November 18, 2009

Food Stamp Benefits Needed for Families Moving from Welfare to Work

[This is authored by Katie Vinopal, Nutrition Associate at DC Hunger Solutions, and cross-posted from the DC Food For All.]

A new report by So Others Might Eat (SOME Inc.) and the DC Fiscal Policy Institute finds that Temporary Assistance for Needy Familes (TANF) is not providing adequate support for the 16,000 low-income families in the District's program. TANF is designed to provide job training, supportive services, and cash assistance, with the goal of helping adults who are able to work find jobs.

Others have written about the findings of the report and its innovative methods. What hasn't yet been discussed is cash assistance, and in particular the supports available as families transition from TANF to employment.

At D.C. Hunger Solutions, we’ve often heard that cash assistance and food stamps rarely last the full month, leaving people without enough money to buy food. This report comes to the same conclusion, pointing out that the benefits TANF families receive ($428 a month for a family of three) are not enough to make ends meet. These families often face one or more weeks at the end of the month without enough money to buy food.

Research has consistently shown that even a temporary increase in food insecurity can have a long-lasting and serious impact on the well-being and health of families.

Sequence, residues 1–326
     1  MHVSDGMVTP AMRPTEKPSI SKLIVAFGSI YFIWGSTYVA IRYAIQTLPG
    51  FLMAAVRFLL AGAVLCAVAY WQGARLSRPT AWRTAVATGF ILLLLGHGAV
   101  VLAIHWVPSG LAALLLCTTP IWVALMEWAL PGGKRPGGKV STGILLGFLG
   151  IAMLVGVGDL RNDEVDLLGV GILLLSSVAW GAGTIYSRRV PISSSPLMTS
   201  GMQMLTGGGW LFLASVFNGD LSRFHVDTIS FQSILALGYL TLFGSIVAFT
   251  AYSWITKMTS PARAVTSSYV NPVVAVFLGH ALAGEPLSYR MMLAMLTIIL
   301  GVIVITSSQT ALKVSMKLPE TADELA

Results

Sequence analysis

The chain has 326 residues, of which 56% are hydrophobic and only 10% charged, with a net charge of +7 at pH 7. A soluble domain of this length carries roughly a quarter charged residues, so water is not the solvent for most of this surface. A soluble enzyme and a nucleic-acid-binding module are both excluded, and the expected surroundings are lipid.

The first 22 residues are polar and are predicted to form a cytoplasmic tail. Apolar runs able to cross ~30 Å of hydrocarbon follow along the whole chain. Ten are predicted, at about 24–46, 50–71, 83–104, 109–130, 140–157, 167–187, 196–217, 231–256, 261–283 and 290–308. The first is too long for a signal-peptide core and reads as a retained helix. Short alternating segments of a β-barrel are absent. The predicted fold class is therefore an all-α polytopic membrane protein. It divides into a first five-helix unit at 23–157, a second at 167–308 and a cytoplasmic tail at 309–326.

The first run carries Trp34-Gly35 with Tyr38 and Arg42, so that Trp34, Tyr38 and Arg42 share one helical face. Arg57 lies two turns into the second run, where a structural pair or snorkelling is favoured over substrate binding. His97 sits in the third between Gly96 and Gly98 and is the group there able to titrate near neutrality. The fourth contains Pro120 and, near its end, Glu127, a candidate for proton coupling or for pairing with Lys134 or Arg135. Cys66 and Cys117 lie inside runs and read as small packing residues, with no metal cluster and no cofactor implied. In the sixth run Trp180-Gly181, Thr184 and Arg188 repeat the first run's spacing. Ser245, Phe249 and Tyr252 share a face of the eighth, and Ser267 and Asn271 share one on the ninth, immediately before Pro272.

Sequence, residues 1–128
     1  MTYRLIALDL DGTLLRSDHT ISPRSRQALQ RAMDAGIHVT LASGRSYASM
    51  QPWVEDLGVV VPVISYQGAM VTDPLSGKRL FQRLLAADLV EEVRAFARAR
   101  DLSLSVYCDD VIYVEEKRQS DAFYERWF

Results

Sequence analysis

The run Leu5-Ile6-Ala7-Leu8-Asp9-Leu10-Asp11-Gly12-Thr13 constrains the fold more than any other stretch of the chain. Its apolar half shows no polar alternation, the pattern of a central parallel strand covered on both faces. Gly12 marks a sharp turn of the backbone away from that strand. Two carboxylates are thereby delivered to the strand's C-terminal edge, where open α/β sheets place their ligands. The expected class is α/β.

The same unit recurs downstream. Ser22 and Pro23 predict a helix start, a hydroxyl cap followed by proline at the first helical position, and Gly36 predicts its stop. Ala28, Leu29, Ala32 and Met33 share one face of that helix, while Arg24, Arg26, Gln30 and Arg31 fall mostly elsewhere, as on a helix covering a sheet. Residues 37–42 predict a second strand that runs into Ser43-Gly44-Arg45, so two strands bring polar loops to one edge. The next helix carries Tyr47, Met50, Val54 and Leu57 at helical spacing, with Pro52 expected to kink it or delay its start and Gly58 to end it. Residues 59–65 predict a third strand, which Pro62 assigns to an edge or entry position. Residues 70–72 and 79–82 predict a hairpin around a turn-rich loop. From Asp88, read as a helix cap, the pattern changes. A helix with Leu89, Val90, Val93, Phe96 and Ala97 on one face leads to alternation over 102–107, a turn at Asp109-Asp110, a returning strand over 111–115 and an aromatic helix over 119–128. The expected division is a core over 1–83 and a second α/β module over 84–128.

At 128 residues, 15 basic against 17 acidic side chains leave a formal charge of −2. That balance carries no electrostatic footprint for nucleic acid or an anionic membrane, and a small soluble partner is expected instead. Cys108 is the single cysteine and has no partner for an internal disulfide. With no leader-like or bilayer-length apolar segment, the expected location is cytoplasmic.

While the report recommends the District government increase cash assistance, something Fair Budget Coalition and others have pushed for, there's another immediate step the District can take to improve food security for TANF families: adopting transitional food stamp benefits, a policy option that will help families moving from TANF to paid employment.

Adopting this policy makes sense for D.C. families. There is a reduction in public benefits that accompanies an increase in earnings which makes transitioning from TANF to work that much more difficult. According to the report, a family of three that works for $9 an hour at their job (well below the living wage at $12.10), will lose $4,512 in food stamp benefits annually. Even worse, many families drop out of the food stamp program altogether when they leave TANF, unaware that they may still be eligible for benefits.

As one TANF recipient says in the report, "It's more than you get with TANF but when you look at it, if you take that job, they're going to take all your benefits from you once you get that job, so that means you have no help with food."

Under the transitional food stamps policy option, a family leaving TANF can continue to receive the same food stamp benefit, adjusted for the loss of TANF income, without any additional interviewing, processing, or reporting requirements, for up to five months. And the payment is 100% federally funded. Nineteen states, including Maryland and Virginia, have already adopted this option.

During this difficult transition from TANF to employment, the District must ensure that families do not go hungry. Adopting transitional food stamp benefits for these families is one important way of providing this support and moving families toward stability

Katie Vinopal, Nutrition Associate at DC Hunger Solutions

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